We’re reporting on the effect of the Covid-19 coronavirus on the way UK shoppers buy – and on how retailers are responding to that changing behaviour. This update comes as 3,983 positive cases have been confirmed by Public Health England as of 9am on March 20 and 177 people have died. The World Health Organisation last week classified coronavirus as a pandemic. This rolling news story covers suggestions, from the IMRG and Kooomo, that retail will move further online as the pandemic progresses, and on calls for more support for retail staff from Joules and for logistics workers from the FTA, as Ikea closes its stores, and Hotel Chocolat looks to raise £20m for headroom in the case of store closures and to invest for future growth.
Government briefing: coronavirus job retention scheme; shops can still remain open
In today’s briefing by the Prime Minister Boris Johnson and the Chancellor Rishi Sunak, it was announced that pubs, cafes, restaurants, theatres, cinemas are to close as a result of the coronavirus pandemic, but shops can still remain open. Those serving food can, however, start to offer food for takeaway instead.
Many shops have decided to close, nonetheless. Ikea said yesterday that its shops would close till further notice, while Arcadia Group said today that its all of its stores would also shut their doors for the moment. Both suggest shoppers turn online instead: TopShop, for example, is currently offering 30% off all online orders and free standard home delivery.
Today the Government launched a coronavirus job retention scheme coronavirus job retention scheme to cover 80% of the wages for those working at companies that are now shutting down because of the virus. They will qualify if they keep on staff rather than laying them off. Employers will be able to apply to HMRC for a grant, backdated to March 1, to cover wages up to £2,500 a month for each employee.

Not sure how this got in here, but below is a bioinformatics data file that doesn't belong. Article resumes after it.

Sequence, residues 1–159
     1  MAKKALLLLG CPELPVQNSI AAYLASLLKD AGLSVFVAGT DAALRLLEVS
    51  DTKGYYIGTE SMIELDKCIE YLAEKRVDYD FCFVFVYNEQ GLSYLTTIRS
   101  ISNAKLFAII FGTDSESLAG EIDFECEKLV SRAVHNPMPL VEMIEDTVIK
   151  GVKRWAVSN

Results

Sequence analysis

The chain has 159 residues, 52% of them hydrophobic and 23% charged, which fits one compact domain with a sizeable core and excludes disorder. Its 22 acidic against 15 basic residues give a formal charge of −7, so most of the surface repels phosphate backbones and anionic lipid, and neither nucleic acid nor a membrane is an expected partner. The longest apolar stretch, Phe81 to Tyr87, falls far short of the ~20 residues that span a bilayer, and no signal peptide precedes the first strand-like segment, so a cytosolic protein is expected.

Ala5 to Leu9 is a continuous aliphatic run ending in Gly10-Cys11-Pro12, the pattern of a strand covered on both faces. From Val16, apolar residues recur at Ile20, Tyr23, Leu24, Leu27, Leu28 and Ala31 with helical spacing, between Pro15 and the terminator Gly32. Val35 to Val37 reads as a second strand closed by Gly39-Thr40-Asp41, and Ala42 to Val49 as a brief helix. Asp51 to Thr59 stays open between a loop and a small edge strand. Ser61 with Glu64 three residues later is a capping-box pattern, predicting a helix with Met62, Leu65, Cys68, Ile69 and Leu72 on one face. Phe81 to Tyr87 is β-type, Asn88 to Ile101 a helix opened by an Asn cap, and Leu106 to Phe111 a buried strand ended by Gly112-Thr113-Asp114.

The coronavirus business interruption scheme will now be interest-free for 12 months. coronavirus business interruption scheme will now be interest-free for 12 months.
Additionally, business VAT payments will be deferred, self-employed people can access, in full, universal credit at a rate equivalent to Statutory Sick Pay for employees (£94.25 a week), with their tax payments also deferred, and people on universal credit and working tax credits will see their basic allowance increase by £1,000 a year over the next year.
Five Jack Wills stores to close amid ’unprecedented uncertainty’
Jack Wills has announced the immediate closure of five stores.
The British brand, which was rescued out of administration by Frasers Group in August 2019, will close stores in Dublin, Exeter, Cambridge, Bath and Manchester Trafford Centre.
A spokesperson said: “The group has been working closely with landlords since acquiring Jack Wills to keep as many stores open as possible. Now faced by unprecedented uncertainty in the retail environment, further closures are inevitable.”
How UK retailers are discounting online
UK retailers have cut prices as never before since the Covid-19 coronavirus broke, according to data from LovetheSales.com.
In the last week, on top of what was on sale the previous week, a further 23% of clothing stock was reduced in price. That means 43% more products are discounted than in March 2019. That suggests, says LovetheSales, that retailers are now hoping to mitigate the effect of plummeting high street footfall on their cashflow through online sales.
The most discounted products are in categories including men’s underwear, which has 83% more products on discount, men’s polo shirts (34%), jeans (33%), and t-shirts (33%). In women’s clothing, the most discounted products include onesies (55%), underwear and lingerie (54%), maternity wear (51%) and jeans (32%).
Luxury brands have 123% more products on discount than last week, premium brands 1% more, and high street brands 11% more.